2008 Pontiac Solstice GXP Review

By Justin Pritchard
2008 Pontiac Solstice GXP Review

Summary Rating: 76%

Styling

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Accessories

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Space and Access

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Comfort

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Performance

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Driving Dynamics

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Safety

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General Appreciation

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For performance buffs, nothing says summer has arrived like a low-slung, turbocharged drop-top--especially when said drop top is finished in bright yellow and wearing chrome wheels and dual-outlet exhausts. Pontiac is now offering drivers top-down cruising with a funky and instantly-recognizable roadster called the Solstice. They're also cutting Mazda's grass by entering a market formerly served almost entirely by their MX-5.

Instantly, the Solstice GXP stands out as the logical choice where power and attitude are concerned.

Unlike the MX-5, Solstice brings some visual aggressiveness and a potent attitude to the marketplace. It's far from cute, and it's available with a high-performance turbo engine that delivers 260 horsepower alongside upgraded handling and brakes. If that sort of stuff in such a little machine doesn't excite you, you may want to check for a pulse.

Inside, two occupants are treated to a set of comfortable leather seats and adequate room. Visibility is reasonable and most controls are easy to find and operate, though some feel dated.

On-board storage is at a hefty premium. The trunk is nearly useless when the roof is folded into it, and there's almost nowhere to put at-hand items like coffee change, a wallet or a cell phone.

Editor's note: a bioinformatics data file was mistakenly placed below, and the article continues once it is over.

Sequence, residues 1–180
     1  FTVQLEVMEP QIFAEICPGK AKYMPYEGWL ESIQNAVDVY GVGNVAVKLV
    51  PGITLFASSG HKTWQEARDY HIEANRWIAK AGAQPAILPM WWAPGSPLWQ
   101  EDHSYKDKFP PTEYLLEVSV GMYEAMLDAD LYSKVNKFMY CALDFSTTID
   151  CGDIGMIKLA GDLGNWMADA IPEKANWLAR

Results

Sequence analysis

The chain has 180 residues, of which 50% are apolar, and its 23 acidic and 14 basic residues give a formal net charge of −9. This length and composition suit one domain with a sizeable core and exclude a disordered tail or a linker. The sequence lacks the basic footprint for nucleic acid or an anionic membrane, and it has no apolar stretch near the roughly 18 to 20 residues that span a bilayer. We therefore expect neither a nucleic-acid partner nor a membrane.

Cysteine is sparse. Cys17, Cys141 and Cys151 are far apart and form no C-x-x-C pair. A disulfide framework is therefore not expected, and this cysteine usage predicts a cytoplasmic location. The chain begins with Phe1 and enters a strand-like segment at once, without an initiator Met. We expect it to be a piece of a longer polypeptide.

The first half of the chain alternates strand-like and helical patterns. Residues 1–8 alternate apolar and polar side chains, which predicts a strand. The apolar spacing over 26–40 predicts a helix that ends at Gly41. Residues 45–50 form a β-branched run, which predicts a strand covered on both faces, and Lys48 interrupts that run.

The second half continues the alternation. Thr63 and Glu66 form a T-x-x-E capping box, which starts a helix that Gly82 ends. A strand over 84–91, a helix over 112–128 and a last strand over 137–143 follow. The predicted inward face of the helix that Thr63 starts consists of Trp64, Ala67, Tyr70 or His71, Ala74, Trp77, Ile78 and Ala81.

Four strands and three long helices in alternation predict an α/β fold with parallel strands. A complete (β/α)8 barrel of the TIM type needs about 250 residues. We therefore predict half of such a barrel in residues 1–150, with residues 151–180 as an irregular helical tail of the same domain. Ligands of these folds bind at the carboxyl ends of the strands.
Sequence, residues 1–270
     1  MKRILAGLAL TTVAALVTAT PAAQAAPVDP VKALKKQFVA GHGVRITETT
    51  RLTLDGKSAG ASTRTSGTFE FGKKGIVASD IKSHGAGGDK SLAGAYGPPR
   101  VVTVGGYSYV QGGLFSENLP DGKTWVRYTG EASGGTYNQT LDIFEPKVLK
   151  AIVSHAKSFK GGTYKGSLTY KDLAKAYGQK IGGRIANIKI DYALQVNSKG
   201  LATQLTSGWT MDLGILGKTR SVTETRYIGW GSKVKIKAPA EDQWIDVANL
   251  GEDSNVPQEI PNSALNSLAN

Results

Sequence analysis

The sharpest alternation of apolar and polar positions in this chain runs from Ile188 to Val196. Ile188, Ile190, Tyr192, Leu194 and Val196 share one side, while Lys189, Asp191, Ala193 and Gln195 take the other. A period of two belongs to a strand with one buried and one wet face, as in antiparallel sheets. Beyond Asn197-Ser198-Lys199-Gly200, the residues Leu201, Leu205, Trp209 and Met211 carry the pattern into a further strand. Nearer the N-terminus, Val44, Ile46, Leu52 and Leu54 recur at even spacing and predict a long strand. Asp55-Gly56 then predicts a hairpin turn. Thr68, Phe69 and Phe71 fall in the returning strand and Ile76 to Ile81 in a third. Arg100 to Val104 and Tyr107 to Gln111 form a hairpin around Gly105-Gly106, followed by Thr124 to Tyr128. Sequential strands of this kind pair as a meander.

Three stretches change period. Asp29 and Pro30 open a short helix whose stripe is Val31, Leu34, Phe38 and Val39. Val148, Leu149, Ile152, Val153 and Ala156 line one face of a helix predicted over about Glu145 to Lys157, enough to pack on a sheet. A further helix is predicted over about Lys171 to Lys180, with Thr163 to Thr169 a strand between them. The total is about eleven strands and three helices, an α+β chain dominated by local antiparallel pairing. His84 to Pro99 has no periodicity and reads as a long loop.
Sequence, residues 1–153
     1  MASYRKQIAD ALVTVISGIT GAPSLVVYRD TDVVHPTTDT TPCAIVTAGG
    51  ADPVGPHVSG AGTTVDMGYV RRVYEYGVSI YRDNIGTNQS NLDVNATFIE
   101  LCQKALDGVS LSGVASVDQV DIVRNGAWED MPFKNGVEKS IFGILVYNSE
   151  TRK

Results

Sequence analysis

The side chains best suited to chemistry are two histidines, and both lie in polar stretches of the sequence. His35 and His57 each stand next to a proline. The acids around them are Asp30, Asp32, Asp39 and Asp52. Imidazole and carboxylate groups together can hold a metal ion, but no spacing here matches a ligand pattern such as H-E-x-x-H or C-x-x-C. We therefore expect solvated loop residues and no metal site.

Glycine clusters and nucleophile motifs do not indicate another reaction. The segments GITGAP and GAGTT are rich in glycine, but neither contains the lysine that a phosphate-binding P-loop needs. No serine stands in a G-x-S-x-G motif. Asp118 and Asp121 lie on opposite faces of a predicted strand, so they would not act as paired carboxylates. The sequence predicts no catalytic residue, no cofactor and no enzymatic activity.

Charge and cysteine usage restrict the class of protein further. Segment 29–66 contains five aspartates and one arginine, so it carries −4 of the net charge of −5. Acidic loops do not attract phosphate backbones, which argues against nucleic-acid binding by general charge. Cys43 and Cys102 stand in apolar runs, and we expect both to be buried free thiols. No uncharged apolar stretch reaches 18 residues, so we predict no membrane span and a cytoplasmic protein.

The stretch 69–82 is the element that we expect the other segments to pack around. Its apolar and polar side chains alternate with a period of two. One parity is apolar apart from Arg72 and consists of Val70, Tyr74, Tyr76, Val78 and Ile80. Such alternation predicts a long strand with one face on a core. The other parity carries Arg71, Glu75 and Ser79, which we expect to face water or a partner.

In all, the interior doesn't feel as modern or everyday usable as the MX-5's, though it's got a bit of macho, old-school charm and style that's easy to appreciate. Completing the cabin is a surprisingly punchy and powerful Monsoon stereo system with XM satellite radio.

The Solstice GXP wins big points for its handling and dynamics, which see sharp reflexes delivered alongside a notably comfortable ride. The steering is quick and precise, and a touch of heaviness is dialed in to keep things from feeling too skittish.

The handling is a good match for the GXP's power, which puts a rich, thick band of torque on duty from about 2,500 RPM. A formidable surge of thrust is delivered whenever drivers call on the twin-scroll turbo to force-feed air into the direct injected, two-litre engine. Acceleration sucks two occupants into their seats, and leaves them there until the throttle pedal is released. Brakes are an adequate match for the engine as well, though the pedal lacks feel and precision.

Visibility is reasonable and most controls are easy to find and operate, though some feel dated.

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